Watson, knowledge, and wisdom

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The knowledge-vs.-wisdom theme came up again. (See  the “Tomatoes and Medtech” blog.) This time it arose during a panel session at last week’s Cleveland Clinic Innovation Summit. The context was a discussion about Watson, the IBM supercomputer that first gained notoriety on "Jeopardy!" when it beat the best of the best human contestants.

Now, the IBM-Cleveland Clinic WatsonPaths collaboration promises to bring Watson software to a hospital or clinic near you. An IBM press release explains what IBM scientists, together with Cleveland Clinic doctors, are accomplishing: “WatsonPaths explores a complex scenario and draws conclusions much like people do in real life. When presented with a medical case, WatsonPaths extracts statements based on the knowledge it has learned as a result of being trained by medical doctors and from medical literature.”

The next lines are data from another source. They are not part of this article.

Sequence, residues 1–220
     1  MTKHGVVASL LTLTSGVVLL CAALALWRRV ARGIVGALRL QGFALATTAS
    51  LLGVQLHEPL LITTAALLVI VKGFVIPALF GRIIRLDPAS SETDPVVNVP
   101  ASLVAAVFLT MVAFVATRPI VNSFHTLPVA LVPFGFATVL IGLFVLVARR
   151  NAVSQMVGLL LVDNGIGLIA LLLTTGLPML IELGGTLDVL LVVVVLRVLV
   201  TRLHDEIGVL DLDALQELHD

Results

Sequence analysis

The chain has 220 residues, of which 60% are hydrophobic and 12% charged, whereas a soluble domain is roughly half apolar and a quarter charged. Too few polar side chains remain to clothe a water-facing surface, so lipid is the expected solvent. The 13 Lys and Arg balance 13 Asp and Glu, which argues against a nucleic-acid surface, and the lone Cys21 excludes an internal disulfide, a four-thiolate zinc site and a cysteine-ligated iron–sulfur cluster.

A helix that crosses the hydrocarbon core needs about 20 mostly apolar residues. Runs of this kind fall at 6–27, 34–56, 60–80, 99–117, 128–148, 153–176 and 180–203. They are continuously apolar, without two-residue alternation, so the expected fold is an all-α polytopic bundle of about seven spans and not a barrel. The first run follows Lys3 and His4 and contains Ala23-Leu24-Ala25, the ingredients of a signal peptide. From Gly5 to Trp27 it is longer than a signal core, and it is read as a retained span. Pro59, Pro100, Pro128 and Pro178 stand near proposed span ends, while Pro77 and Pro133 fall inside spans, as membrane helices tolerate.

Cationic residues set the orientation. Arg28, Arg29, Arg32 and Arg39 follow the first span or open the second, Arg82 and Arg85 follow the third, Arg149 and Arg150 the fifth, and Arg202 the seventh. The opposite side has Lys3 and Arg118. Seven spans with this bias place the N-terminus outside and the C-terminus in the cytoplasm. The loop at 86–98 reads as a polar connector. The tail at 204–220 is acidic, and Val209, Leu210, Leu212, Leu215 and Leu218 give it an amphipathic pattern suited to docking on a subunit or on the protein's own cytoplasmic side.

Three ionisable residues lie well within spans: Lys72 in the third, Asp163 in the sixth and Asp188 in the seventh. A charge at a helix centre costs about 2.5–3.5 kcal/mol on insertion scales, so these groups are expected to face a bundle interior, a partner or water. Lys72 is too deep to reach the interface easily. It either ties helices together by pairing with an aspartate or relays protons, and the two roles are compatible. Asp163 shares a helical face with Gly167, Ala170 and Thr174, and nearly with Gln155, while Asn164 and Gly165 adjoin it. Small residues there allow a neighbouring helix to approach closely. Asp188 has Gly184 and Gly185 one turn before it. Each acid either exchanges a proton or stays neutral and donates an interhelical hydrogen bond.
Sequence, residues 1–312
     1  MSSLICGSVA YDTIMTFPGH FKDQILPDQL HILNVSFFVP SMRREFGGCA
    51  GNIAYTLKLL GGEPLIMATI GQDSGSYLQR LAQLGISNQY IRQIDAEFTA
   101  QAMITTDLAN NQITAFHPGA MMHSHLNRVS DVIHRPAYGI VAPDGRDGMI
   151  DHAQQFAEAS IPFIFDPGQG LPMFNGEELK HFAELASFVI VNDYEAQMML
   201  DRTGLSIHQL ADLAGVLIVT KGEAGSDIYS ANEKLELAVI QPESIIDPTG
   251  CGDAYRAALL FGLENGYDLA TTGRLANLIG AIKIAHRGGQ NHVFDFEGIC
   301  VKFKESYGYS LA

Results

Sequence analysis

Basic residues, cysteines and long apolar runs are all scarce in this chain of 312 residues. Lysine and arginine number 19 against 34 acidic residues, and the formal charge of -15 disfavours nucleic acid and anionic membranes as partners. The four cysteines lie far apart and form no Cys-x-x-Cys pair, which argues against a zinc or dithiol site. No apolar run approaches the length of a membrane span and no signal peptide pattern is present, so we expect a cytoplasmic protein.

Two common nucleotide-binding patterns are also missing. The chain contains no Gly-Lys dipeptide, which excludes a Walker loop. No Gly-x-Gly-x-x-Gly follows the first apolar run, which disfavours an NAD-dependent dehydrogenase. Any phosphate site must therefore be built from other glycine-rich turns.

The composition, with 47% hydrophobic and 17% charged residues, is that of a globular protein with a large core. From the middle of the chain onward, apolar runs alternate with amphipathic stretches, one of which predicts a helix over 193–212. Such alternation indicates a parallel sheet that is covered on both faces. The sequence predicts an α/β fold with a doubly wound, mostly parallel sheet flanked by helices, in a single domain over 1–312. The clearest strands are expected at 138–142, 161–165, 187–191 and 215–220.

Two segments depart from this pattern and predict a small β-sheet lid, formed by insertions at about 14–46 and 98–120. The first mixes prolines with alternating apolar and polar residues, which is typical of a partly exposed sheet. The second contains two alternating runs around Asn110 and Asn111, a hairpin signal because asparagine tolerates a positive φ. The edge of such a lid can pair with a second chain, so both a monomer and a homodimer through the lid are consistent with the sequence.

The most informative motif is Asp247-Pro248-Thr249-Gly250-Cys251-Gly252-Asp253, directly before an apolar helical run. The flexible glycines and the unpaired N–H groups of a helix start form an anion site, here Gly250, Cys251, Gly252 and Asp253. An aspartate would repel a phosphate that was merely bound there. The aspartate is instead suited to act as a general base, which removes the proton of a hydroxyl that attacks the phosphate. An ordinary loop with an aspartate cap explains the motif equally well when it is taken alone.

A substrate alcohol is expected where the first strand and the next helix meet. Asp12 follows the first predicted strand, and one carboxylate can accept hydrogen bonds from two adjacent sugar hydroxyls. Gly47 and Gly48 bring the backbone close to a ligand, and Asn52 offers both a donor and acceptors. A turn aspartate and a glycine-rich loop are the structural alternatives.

Of course, there’s much more to it than that. But suffice it to say that the Watson software solution will provide physicians with a wealth of knowledge and treatment options.

The way such technologies actually get used in real-life situations involving physicians and patients will require much careful and thoughtful evaluation. At the end of the day, it will be physicians who apply wisdom to the knowledge Watson promises as a means of recommending the best healthcare options for patients.

James Young, Watson panel participant and chairman of The Cleveland Clinic’s Endocrinology and Metabolism Institute, put it this way: “There’s a big difference between knowledge and wisdom. Watson may become the most knowledgeable physician, if you will, but I’m not sure you can program the wisdom necessary for understanding a patient’s emotional state, family tensions, and nonverbal communications when evaluating treatment options.”

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